George Washington Papers

To George Washington from John Tanner, 1 January 1790

From John Tanner

His Excellency George Washington Esqr.
President of the United States in Congress
January 1, 1790.1

The humble petition of John Tanner humbly Sheweth,

That your petitioner having been brought up to the sea from his Youth in this City (except during the late Contest) in pretty midling Circumstances & Credet.

That your petitioner, during the late Contest, was taken a prisoner by the British 4 times, and lost his all twice, Imprisoned, Abused by his Relations in this City.

That the above Relations, being left Executors by the Parents of your Petitioner, to an Estate of £300 pr Annum or more, during the whole of the late Contest, one or both of the aforesaid Executors, received the Rents & Profits of said Estate, and Appropriated said Rents & Profits wholly to his or their own particular uses & benefits.

That your petitioner, immediately on peace taking place—moved to this City from FishKills with his Family, Comme[n]c’d a Suit in Chancery, against said Executors, but on your petitioner’s failing in Cash the suit was Stayed, and the Costs to be paid out of the Sales of said real Estate £120.

That your petitioner at same time made a purchase of a Grist Mill and small farm in New Jersey, paid £250 down the Repairs £75—when the above Suit, failing, was under the disagreeable Necessity, of giving up said farm & Grist Mill, on the payments becoming due, with the Loss, of the aforesaid two Sums, of £320, in Gold & Silver.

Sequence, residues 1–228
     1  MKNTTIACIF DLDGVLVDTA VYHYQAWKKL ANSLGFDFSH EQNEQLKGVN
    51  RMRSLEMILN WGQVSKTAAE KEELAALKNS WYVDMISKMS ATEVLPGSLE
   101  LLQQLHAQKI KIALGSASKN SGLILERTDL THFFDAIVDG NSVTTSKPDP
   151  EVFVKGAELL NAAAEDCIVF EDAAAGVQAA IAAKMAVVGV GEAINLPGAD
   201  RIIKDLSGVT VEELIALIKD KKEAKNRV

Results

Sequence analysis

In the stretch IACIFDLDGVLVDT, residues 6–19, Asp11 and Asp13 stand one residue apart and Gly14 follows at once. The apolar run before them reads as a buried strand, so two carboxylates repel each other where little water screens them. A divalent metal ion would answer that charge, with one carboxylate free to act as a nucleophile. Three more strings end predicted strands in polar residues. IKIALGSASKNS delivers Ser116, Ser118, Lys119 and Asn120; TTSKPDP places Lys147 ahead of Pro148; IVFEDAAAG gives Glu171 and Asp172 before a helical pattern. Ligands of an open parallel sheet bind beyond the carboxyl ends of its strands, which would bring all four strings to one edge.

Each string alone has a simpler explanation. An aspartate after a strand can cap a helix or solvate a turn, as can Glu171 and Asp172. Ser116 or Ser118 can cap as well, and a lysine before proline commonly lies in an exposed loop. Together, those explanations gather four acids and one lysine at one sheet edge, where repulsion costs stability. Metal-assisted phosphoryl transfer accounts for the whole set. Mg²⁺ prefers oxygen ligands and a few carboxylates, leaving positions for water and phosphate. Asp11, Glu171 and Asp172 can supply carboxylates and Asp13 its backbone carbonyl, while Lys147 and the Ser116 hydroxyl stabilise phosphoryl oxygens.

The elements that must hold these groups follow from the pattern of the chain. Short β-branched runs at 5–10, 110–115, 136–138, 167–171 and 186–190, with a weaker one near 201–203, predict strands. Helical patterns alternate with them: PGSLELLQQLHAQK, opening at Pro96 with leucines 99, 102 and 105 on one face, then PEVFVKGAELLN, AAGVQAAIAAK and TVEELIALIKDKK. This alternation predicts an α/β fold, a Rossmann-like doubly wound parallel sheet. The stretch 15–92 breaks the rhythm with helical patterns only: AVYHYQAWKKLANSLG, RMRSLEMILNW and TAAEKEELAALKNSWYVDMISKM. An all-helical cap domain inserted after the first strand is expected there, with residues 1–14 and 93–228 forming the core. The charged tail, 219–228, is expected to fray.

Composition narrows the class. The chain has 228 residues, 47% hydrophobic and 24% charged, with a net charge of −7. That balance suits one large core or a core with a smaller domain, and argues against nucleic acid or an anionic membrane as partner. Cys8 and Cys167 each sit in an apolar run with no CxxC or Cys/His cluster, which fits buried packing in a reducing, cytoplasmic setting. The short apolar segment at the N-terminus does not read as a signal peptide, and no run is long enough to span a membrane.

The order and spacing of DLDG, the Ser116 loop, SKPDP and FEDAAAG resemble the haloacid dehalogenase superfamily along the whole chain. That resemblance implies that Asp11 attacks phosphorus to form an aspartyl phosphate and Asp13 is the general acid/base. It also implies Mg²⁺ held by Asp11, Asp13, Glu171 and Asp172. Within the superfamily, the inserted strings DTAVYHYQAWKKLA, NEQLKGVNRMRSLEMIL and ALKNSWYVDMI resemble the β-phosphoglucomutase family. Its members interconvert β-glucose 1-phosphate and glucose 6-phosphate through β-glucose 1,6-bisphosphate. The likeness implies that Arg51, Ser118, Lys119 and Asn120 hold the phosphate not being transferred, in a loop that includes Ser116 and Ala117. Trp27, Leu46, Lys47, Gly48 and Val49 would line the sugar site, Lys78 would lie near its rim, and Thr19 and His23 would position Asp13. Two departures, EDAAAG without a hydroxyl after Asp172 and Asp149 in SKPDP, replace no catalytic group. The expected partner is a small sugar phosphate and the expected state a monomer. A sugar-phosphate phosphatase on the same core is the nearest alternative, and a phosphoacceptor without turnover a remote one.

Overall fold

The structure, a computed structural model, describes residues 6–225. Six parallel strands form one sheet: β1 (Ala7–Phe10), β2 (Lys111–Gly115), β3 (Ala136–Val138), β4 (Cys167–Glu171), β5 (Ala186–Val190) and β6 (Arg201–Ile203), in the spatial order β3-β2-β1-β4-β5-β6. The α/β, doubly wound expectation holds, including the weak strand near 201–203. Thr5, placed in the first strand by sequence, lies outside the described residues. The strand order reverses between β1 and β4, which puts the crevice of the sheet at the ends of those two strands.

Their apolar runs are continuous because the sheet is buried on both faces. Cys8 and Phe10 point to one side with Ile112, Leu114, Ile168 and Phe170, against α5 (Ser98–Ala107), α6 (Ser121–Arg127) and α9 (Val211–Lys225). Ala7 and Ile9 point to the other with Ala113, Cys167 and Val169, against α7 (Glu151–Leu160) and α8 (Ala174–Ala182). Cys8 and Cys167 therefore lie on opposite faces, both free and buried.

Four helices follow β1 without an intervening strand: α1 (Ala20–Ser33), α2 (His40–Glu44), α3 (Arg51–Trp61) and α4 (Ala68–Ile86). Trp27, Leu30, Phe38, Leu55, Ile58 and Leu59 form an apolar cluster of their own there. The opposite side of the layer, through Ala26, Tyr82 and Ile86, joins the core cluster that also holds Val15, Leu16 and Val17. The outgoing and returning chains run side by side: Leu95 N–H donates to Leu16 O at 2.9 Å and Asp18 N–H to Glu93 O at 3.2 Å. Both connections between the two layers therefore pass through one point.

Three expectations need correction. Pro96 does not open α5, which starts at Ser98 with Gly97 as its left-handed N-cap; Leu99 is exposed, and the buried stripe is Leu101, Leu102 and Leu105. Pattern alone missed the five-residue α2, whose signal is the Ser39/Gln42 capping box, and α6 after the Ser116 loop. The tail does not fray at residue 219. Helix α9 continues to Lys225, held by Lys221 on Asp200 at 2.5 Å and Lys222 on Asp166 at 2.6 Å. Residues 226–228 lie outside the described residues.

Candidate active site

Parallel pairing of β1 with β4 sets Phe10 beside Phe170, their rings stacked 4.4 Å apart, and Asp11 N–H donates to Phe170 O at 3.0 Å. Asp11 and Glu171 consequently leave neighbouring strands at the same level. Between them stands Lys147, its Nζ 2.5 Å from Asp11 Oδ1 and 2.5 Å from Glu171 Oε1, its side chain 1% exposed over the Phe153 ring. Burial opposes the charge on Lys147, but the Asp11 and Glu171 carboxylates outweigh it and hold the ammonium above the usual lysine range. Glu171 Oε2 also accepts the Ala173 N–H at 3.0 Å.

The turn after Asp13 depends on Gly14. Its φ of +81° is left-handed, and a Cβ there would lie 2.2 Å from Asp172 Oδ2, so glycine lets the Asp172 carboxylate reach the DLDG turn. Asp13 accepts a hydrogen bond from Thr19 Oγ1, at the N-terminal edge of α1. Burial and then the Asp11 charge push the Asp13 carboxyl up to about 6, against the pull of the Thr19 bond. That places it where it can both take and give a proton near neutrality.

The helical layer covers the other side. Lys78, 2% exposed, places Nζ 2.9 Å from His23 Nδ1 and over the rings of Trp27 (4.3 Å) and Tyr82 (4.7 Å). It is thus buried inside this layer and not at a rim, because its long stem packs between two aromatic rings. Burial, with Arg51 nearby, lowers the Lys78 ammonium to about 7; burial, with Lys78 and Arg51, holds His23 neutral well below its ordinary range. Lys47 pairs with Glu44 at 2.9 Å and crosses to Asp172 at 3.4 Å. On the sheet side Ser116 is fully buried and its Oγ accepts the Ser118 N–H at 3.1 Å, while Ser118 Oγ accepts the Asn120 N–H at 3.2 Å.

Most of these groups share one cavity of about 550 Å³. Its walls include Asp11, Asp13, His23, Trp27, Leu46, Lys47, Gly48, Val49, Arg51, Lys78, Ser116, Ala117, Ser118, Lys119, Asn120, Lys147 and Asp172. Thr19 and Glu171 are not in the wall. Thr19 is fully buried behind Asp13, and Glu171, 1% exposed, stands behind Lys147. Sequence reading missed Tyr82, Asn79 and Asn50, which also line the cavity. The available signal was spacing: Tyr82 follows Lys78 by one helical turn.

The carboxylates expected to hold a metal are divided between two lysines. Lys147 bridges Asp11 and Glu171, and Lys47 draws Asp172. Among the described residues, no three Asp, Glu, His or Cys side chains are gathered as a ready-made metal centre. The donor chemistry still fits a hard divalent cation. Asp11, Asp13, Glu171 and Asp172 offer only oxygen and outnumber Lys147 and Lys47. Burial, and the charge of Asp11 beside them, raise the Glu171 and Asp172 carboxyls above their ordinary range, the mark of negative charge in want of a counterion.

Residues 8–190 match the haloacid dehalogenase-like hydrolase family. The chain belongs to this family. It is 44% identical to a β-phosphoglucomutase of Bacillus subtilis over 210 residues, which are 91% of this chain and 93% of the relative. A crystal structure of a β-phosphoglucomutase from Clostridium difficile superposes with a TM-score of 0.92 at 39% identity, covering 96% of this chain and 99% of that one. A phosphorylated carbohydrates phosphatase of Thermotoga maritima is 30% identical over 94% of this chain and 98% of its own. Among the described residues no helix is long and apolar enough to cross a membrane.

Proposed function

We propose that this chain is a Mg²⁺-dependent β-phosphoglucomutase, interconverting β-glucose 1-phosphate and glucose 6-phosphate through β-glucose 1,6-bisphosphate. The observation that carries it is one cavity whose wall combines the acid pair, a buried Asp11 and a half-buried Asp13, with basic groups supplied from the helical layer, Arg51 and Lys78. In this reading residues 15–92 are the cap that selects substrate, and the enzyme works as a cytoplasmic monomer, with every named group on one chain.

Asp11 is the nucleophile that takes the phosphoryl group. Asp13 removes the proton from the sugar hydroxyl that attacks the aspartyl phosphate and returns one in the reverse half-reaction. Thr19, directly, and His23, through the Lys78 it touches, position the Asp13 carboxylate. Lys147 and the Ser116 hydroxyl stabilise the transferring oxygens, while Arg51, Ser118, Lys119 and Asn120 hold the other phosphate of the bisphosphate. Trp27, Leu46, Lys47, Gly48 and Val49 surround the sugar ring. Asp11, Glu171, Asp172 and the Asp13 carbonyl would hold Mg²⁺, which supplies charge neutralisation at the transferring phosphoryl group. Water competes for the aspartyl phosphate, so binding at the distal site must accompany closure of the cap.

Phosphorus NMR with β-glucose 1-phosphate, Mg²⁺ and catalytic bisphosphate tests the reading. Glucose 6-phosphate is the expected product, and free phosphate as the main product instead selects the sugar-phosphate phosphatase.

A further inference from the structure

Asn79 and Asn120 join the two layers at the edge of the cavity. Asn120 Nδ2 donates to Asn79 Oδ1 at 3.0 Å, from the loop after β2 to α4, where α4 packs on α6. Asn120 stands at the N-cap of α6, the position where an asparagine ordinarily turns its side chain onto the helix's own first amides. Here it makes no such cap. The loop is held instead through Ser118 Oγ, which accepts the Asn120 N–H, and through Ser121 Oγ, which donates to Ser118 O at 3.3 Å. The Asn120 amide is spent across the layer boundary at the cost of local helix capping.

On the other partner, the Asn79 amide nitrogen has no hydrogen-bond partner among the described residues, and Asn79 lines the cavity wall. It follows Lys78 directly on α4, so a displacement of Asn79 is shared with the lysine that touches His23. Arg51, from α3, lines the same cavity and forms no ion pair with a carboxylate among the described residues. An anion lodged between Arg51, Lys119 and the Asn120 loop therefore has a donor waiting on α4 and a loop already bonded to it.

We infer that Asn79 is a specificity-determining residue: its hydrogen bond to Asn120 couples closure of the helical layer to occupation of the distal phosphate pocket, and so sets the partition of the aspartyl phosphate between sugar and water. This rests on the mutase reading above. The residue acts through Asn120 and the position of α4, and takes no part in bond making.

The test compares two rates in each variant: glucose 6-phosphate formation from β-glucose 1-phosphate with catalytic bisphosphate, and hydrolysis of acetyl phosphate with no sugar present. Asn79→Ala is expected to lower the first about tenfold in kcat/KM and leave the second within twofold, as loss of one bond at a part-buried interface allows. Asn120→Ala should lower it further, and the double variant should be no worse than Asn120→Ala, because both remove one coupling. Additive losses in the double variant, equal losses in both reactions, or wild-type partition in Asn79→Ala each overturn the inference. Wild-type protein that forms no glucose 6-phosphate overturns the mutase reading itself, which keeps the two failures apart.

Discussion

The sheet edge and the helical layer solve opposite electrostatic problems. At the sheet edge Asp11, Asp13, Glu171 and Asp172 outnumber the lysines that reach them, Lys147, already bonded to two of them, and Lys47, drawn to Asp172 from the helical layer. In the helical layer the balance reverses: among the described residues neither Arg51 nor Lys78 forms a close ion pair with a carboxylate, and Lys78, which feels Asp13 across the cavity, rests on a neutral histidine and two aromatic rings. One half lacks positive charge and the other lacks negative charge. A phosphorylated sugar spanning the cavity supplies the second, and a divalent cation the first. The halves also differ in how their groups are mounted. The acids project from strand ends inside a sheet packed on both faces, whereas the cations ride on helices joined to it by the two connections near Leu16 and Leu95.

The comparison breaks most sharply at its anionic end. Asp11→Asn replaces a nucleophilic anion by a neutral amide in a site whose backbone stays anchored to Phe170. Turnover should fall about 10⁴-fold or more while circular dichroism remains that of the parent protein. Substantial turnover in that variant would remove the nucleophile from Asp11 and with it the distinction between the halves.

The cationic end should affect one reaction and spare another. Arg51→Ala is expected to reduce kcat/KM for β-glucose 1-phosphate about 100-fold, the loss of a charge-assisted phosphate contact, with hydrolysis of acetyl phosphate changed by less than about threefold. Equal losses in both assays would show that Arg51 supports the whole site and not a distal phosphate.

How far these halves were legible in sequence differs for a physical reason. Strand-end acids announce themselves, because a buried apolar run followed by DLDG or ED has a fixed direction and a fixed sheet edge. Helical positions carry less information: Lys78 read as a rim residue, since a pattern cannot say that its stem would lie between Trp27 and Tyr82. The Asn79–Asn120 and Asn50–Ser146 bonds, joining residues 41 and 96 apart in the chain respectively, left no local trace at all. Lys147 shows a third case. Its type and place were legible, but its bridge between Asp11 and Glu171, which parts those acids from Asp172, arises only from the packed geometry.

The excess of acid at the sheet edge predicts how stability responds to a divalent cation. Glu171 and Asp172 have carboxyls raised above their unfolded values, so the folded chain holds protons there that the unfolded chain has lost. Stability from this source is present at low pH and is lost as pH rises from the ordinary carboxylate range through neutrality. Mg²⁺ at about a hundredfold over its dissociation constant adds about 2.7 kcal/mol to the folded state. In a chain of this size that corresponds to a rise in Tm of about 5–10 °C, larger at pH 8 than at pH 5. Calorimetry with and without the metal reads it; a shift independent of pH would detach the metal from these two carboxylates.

That your petitioner, through the above losses and many other Misfortunes, during the late Contest, was Reduced to the Utmost Extremity, and almost to Despair, thro’ the want of business, for the maintenance of your petitioners family of 6 small Children, & Wife.

That your petitioner, having Strugled & Strove (since the above losses and othe[r] Misfortunes) to recover by going to Sea, but all in vain, thro’ the low ebb, our foreign Trade is Reduc’d to at present, and no Demand or Encouragemt, for Seamen, so that your Petitioner, is now Reduc’d to the most Extream Necessity, with a family in want of every, (even the Smallest) Necessaries of Life.

Your petitioner therefore most humbly prays, that your Excellency, will lend a kind Ear, and with a helping hand, Use your influence in behalf of, my Disstress, Consider Dear Sir, consider, what must be the feelings of a Parent (Reduc’d from a comfortable living, to the most Abject state of Want, thro’ Misfortunes) when his Children asks for bread, & tis not in his power to give, To you Sr to you I look up, (as a Child to its Parent) for Assistance it is to you Sr I make my application, for your interposition, in my behalf, tis in your power Sr to save an Unfortunate family from the Savage Jaws of hunger, by your power Sr you are Enabled (in a great measure) to grant me either the whole or part of my request, which is only for a small part of business in Public Service, as Guager, Tide waiter, Measurer, a writer or under Clerk, in some public Office, or some kind of Office or business in Call as Doorkeeper, Messenger &ce.

God grant, your Excellency, may Enjoy all the Happiness in this World, that human nature can Attain, and a Crown of immortal Glory in the Next, for which Petitioner, as in Duty bound, shall ever pray.

L, DNA: RG 59, Miscellaneous Letters.

This is probably the John Tanner (1741–1794) who served as a private in a New York unit during the Revolution and was discharged “Ruptured and worn out” in 1782 (DNA:PCC, item 60, p.71). Since his letter indicates some naval experience, he also may be the John Tanner (Turner) who was appointed first mate of the New York revenue cutter Vigilant, 23 July 1793 (JPP, description begins Dorothy Twohig, ed. The Journal of the Proceedings of the President, 1793–1797. Charlottesville, Va., 1981. description ends 205, 206).

1The dateline appears to be in the same writing as the endorsement.

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